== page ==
It was a late night in March 2007 where deep in the bowels of the Belconnen shopping mall dozens of consoles gamers gathered. I sat there, my extremely patient and soon to be wife by my side, alongside them eagerly awaiting what was to come, adrenaline surging despite the hour rapidly approaching midnight. We were all there for one thing, the release of the PlayStation 3, and just under an hour later all of us would walk out of there with one of them tucked under our arms. I stayed up far too long setting the whole system up only to crash out before I was able to play any games on it. That same PlayStation, the one I paid a ridiculous price for in both cash and sleep, still sits next to my TV today alongside every other current console.

Well, apart from one, the Wii U.

Wii U Failed

The reason behind me regaling you with tales of my more insane gamer years is not to humblebrag my way into some kind of gamer cred, no it’s more to highlight the fact that between then and now 6 years have passed. I’ve seen console games rapidly evolve from the first tentative titles, which barely stressed the hardware, to today’s AAA titles which are exploiting every single aspect of the system that they run on. Back in their day both the PlayStation3 and Xbox360 were computational beasts that could beat most other platforms in raw calculative potential without breaking a sweat. Today however that’s no longer the case with the PC having long retaken that crown and people are starting to notice.

Of course console makers are keenly aware of this and whilst the time between generations is increasing they still see the need to furnish a replacement once the current generation starts getting long in the tooth. Indeed if current rumours are anything to go by we’ll likely see both the PlayStation4 and Xbox-something this year. However the rather lackluster sales of the first installment in next generation consoles (the Nintendo WiiU) has led at least one industry critic to be rather pessimistic about whether the next generation is really needed:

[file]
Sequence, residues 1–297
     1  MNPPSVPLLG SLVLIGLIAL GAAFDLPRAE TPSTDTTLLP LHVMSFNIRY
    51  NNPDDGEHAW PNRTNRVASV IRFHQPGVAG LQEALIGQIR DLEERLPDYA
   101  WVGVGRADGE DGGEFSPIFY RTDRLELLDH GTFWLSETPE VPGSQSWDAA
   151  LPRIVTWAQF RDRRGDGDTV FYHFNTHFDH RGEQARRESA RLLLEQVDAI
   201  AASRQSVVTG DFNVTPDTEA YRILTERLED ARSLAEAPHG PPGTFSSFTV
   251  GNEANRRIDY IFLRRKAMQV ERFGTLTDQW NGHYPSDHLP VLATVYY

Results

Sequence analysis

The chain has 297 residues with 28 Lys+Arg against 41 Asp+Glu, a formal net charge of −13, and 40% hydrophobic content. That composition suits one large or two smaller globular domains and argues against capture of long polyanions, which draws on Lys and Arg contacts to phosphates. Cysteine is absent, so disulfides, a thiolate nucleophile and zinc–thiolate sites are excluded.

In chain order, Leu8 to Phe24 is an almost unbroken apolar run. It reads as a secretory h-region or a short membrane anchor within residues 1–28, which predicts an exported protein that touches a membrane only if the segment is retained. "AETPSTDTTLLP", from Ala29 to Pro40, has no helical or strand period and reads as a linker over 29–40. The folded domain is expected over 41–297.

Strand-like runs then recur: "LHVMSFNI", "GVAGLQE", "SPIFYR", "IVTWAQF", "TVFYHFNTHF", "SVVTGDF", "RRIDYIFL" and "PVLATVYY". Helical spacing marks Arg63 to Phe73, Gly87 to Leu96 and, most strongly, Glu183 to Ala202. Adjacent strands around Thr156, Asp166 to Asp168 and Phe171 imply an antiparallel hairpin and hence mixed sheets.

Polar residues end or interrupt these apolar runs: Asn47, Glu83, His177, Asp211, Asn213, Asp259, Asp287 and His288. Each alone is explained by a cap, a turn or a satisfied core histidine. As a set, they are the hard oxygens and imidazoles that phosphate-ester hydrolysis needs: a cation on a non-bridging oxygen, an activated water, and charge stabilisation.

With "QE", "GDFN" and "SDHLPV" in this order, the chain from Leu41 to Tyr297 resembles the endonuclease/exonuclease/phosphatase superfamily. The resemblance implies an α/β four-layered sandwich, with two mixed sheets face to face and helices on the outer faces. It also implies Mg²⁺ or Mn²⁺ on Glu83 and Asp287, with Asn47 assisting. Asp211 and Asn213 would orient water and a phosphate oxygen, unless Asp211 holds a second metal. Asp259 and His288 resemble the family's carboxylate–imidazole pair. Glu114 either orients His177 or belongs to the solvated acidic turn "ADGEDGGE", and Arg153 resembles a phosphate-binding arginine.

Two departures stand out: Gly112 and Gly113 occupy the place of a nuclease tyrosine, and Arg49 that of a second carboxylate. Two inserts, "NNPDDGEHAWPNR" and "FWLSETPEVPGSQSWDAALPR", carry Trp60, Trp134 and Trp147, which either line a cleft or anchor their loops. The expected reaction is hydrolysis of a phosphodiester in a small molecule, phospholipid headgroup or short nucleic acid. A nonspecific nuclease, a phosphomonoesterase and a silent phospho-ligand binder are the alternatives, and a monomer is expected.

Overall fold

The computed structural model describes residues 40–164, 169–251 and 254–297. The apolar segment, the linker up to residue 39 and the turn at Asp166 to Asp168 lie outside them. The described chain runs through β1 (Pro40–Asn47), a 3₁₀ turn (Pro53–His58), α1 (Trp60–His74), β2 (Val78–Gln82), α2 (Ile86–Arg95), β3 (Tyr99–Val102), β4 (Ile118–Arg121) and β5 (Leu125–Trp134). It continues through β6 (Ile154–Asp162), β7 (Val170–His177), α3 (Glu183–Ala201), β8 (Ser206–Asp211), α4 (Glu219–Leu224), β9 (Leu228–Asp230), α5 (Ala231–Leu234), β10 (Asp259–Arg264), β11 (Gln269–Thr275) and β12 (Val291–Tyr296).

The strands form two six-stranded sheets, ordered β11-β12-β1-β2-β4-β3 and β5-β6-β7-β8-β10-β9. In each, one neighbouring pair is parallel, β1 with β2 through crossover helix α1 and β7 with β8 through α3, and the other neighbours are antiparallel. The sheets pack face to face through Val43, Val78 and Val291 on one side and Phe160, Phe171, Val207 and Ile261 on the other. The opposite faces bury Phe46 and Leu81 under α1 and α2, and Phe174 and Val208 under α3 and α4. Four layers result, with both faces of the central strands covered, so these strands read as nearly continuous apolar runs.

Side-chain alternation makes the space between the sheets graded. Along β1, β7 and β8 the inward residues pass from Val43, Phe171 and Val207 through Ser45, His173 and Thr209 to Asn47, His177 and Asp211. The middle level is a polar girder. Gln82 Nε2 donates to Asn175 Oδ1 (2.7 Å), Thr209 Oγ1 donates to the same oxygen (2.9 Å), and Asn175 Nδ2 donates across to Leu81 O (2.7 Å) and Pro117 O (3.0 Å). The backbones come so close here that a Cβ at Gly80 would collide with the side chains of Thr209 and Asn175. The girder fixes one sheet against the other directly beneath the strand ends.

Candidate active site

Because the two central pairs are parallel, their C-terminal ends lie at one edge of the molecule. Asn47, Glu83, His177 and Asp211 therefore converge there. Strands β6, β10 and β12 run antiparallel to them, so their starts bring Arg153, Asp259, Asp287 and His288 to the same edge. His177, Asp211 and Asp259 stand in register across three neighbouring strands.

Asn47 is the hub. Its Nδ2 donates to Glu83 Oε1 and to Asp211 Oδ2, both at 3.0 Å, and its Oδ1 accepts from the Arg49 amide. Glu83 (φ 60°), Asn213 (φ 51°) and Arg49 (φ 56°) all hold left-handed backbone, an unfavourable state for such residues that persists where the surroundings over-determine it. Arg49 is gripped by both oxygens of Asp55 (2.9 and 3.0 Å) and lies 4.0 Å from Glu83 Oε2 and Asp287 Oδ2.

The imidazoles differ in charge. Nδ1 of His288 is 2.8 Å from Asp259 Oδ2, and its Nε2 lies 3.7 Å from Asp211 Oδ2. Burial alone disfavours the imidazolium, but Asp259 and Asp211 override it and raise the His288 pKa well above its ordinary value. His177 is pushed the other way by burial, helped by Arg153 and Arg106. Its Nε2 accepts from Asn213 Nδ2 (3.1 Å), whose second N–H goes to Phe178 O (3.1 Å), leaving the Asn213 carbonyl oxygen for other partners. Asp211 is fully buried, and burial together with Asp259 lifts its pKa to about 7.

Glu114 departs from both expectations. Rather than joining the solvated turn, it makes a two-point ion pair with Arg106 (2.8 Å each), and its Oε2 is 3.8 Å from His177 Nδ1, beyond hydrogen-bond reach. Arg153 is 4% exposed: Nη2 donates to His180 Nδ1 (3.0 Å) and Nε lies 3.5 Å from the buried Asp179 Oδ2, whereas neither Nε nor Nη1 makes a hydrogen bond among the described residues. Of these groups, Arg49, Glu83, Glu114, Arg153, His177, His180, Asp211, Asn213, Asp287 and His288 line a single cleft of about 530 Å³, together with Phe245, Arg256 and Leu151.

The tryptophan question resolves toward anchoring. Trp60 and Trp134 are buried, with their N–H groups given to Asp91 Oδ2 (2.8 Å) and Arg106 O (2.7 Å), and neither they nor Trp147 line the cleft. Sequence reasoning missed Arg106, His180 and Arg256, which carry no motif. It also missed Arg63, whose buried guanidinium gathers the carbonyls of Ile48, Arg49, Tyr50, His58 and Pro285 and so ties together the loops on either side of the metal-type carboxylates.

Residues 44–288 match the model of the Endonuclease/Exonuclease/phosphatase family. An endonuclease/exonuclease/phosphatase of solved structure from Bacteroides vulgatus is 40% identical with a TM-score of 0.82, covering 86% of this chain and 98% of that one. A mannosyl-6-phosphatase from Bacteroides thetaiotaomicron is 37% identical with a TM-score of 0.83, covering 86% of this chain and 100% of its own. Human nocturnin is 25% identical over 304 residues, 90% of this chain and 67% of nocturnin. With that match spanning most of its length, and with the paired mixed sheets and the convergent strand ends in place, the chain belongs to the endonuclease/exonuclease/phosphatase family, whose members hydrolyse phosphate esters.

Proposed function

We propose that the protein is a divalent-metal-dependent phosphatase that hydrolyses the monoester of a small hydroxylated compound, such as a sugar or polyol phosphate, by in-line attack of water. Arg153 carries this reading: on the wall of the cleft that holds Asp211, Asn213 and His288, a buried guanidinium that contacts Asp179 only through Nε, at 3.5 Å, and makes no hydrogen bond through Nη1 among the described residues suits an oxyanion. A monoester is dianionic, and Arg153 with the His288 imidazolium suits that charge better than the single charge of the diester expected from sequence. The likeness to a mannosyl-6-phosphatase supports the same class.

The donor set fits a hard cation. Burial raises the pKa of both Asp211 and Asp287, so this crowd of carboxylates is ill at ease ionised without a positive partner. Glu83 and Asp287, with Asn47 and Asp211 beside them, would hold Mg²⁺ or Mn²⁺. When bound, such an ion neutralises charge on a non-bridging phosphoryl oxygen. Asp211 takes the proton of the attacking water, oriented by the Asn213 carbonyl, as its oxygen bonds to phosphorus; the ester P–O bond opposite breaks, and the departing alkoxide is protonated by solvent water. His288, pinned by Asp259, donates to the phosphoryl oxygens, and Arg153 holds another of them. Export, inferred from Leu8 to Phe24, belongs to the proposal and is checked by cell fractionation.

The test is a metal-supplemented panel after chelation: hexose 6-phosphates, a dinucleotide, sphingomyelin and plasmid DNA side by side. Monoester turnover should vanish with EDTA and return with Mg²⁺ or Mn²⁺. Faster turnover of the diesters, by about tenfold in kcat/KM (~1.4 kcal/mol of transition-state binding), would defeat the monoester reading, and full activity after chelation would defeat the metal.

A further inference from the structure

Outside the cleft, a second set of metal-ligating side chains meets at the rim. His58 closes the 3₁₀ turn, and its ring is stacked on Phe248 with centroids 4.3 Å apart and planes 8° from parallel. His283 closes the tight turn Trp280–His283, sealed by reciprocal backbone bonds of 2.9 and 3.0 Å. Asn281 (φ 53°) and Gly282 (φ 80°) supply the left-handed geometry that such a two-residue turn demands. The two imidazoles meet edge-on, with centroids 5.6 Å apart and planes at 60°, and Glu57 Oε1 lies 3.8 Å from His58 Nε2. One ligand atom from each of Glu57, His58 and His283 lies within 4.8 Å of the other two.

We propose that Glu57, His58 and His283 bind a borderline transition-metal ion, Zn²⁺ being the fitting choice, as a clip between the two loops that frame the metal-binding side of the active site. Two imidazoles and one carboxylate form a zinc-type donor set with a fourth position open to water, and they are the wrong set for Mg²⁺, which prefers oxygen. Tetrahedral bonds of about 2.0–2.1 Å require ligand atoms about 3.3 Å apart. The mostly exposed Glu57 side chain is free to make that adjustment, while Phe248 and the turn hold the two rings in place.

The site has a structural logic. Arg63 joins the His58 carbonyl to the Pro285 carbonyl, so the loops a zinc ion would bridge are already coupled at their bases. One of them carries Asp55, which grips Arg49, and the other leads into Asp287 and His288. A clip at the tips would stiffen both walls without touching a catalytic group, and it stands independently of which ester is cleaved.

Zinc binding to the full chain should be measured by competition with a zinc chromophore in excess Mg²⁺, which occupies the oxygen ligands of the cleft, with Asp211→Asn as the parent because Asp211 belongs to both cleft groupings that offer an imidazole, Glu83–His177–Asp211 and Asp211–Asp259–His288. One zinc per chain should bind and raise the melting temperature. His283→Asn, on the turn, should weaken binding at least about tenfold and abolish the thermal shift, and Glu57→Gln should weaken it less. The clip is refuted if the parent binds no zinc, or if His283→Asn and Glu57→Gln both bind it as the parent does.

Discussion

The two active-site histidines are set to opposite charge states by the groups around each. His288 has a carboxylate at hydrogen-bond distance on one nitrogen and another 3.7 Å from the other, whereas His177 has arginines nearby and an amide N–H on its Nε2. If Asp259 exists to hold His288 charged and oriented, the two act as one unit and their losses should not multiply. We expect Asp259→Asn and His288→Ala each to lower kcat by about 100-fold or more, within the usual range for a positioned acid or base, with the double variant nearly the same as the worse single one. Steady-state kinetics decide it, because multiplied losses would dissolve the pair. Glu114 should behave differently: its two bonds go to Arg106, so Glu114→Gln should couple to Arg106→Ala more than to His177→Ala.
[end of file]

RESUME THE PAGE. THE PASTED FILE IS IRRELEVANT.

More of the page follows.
Whatever the case, what lessons can Sony and Microsoft take on board from how their rival has fared, as they prepare to make their moves into the next console generation? Well, there’s one immediately apparent lesson: Don’t start a new fucking console generation, because it’s a bad climate and triple-A gaming is becoming too fat and toxic to support its own weight. If you make triple-A games even more expensive and troublesome to develop – not to mention forcing them to adhere to online and hardware gimmicks that shrink and alienate the potential audience even further – then you will be driving the Titanic smack into another iceberg in the hope that it’ll somehow freeze shut the hole the first one made.

The thing is the problems that are affecting the WiiU don’t really translate to Sony or Microsoft. The WiiU was Nintendo’s half-hearted attempt to recapture the more “hardcore” gaming crowd which, let’s be honest here, was a small minority of their customer based. The Wii was so successful because it appealed to the largest demographic that had yet to be tapped: those who traditionally did not play video games. The WiiU, whilst being comparable to current gen consoles, doesn’t provide enough value to end users in order for them to fork out the cash for an upgrade. That then translates into developers not wanting to touch the platform which starts a vicious downward spiral that’ll be incredibly hard to break from.